House Republicans Lean Toward Federal Oversight for Puerto Rico

WASHINGTON (Bloomberg News/TNS) —

Lawmakers in the U.S. House showed support for establishing federal oversight of Puerto Rico as Congress looks for ways to help the island emerge from a fiscal crisis brought on by $70 billion of debt.

The House Natural Resources Committee Tuesday spent about two hours discussing the possibility of putting a U.S. authority in place to help end the chronic budget strains that have pushed the Caribbean island to default on some of its bonds. The idea has gained backing with Republicans as the House seeks to craft legislation by the end of March to assist the U.S. comonwealth, though the scope of federal powers are still being considered.

“It’s not going to be simplistic, and it’s not going to be that easy,” Rep. Rob Bishop, the Utah Republican who chairs the panel, told reporters after the hearing about the potential legislation. “But it can be done and it needs to be done in the right way.”

The Republicans who control both houses of Congress have yet to unite behind specific measures to address the escalating crisis, which led Puerto Rico Monday to propose a debt-restructuring plan that would leave bondholders receiving less than they’re owed. House Speaker Paul Ryan (R-Wis.) has told lawmakers they have to come up with a plan by March 31.

Senate Majority Leader Mitch McConnell (R-Ky.) said Tuesday that talks are underway about how to give Puerto Rico some flexibility to tackle its debt crisis, but he drew a firm line.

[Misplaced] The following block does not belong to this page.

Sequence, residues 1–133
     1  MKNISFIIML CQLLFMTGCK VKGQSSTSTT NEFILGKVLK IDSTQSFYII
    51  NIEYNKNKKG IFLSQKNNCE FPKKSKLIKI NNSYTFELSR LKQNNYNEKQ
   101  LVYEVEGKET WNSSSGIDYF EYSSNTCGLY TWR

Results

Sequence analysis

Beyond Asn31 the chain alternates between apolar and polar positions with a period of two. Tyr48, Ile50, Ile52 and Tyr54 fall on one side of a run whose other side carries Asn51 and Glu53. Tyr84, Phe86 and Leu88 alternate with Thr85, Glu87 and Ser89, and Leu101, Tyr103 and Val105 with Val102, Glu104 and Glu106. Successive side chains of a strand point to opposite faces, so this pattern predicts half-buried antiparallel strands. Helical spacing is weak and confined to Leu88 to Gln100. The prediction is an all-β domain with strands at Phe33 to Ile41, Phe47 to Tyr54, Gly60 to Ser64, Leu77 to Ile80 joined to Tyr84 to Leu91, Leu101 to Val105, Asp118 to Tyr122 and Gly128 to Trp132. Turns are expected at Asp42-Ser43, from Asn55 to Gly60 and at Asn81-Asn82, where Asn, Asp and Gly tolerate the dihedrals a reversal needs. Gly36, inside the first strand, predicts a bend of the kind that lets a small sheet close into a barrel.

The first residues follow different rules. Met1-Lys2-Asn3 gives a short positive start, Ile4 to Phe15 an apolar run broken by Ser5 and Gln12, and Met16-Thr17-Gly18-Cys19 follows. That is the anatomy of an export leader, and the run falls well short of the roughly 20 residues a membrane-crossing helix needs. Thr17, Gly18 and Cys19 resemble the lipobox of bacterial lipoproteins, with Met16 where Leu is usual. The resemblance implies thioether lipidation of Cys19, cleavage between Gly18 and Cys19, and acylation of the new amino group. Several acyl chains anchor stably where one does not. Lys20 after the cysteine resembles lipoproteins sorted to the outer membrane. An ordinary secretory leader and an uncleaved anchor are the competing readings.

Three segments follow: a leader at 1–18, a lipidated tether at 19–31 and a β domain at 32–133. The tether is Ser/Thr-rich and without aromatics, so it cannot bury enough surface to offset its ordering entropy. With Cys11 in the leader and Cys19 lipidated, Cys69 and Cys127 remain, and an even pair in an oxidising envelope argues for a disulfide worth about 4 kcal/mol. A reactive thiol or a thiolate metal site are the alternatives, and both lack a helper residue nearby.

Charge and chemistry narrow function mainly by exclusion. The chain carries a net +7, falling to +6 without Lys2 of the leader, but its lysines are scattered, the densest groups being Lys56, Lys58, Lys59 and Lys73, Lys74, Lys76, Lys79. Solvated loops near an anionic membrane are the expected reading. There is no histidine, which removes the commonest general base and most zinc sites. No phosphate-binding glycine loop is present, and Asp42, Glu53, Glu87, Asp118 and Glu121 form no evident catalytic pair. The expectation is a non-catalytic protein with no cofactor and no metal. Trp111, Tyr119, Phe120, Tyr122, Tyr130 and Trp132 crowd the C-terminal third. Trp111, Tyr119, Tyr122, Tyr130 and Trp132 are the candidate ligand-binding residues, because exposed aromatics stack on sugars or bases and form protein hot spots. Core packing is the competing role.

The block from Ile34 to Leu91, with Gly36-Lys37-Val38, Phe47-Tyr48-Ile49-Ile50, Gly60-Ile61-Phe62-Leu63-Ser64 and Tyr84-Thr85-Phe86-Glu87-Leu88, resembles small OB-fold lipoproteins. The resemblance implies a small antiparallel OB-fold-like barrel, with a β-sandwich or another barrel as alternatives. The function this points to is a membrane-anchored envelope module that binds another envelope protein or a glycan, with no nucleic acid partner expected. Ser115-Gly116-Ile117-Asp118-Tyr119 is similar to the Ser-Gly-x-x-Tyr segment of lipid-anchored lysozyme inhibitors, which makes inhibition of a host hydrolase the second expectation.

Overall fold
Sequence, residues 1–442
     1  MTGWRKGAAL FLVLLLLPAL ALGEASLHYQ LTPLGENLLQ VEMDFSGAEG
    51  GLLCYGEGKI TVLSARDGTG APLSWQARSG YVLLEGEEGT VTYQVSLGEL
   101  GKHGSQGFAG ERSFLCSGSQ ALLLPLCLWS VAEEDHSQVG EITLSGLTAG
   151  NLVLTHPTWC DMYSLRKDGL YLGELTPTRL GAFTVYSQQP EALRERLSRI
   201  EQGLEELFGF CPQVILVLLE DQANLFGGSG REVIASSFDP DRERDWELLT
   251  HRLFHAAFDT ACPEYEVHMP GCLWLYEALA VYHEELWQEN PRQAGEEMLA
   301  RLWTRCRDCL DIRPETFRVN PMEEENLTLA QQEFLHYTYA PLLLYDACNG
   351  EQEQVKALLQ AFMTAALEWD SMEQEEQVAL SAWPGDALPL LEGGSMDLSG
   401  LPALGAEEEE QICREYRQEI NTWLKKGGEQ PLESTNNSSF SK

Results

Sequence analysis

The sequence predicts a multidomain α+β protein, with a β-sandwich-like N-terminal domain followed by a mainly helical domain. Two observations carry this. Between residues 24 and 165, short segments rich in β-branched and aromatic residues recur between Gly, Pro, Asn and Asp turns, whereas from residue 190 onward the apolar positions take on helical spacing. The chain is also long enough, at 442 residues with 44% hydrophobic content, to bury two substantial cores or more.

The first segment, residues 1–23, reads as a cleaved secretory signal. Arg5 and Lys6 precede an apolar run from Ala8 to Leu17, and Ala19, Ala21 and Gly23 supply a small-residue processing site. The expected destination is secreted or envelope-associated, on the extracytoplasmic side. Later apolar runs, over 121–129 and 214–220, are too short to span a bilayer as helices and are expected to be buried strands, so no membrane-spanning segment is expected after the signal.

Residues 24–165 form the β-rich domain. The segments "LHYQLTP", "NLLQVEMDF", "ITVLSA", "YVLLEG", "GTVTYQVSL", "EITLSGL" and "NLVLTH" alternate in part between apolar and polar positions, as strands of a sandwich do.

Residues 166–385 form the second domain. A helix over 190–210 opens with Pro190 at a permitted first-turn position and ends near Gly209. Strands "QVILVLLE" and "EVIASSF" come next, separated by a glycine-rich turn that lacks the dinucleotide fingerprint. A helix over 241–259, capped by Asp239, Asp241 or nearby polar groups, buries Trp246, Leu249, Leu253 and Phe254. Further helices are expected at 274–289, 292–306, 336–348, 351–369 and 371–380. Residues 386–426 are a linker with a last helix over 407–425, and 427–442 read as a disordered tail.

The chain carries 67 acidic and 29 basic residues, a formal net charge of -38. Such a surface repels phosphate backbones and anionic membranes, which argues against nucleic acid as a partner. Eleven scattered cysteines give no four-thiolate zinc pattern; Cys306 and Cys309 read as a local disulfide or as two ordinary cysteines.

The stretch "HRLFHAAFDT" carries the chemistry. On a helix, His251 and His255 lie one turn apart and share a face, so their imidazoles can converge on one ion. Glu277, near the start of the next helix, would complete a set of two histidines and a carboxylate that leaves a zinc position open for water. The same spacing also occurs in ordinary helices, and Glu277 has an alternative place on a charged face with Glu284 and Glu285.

“No solution to the Puerto Rico problem that involves the use of U.S. taxpayer dollars is going to be passed in this Congress,” he told reporters.

Puerto Rico, congressional Democrats and President Barack Obama’s administration have pushed to allow some island agencies to file for bankruptcy, a step that hasn’t been endorsed by key Republicans. In December, Senate Republicans proposed directing up to $3 billion to Puerto Rico through a new authority that would oversee the island’s budget and could borrow on its behalf.

Puerto Rico’s non-voting House delegate, Democrat Pedro Pierluisi, said the island is facing “massive” defaults in May or July at the latest, when the commonwealth has its next major round of bond payments. The island defaulted on some securities in January and last year, while Puerto Rico Gov. Alejandro Garcia Padilla has delayed tax rebates and payments to suppliers to pay creditors.

Former District of Columbia Mayor Anthony Williams was among witnesses who spoke in favor of a federal control board, which was once used to stabilize the nation’s capital city.

“The time is now for Congress to create an authority that would have as its goals both achieving financial stability and a balanced budget for the island,” Williams told the panel.

House Democrats who have urged Congress to grant the island power to restructure its debt, got support from one of the witnesses, MIT economist Simon Johnson. He said Congress needs to create a board with authority to restructure some or “potentially” all of Puerto Rico’s debt.

Republicans have resisted extending Chapter 9 municipal bankruptcy protections to Puerto Rico, arguing that it’s not a long-term fix.

“I understand that we need a financial control board; I am undecided about the bankruptcy,” said Raul Labrador, R-Idaho. “I’m not sure where that bankruptcy protection should come in – if at all.”

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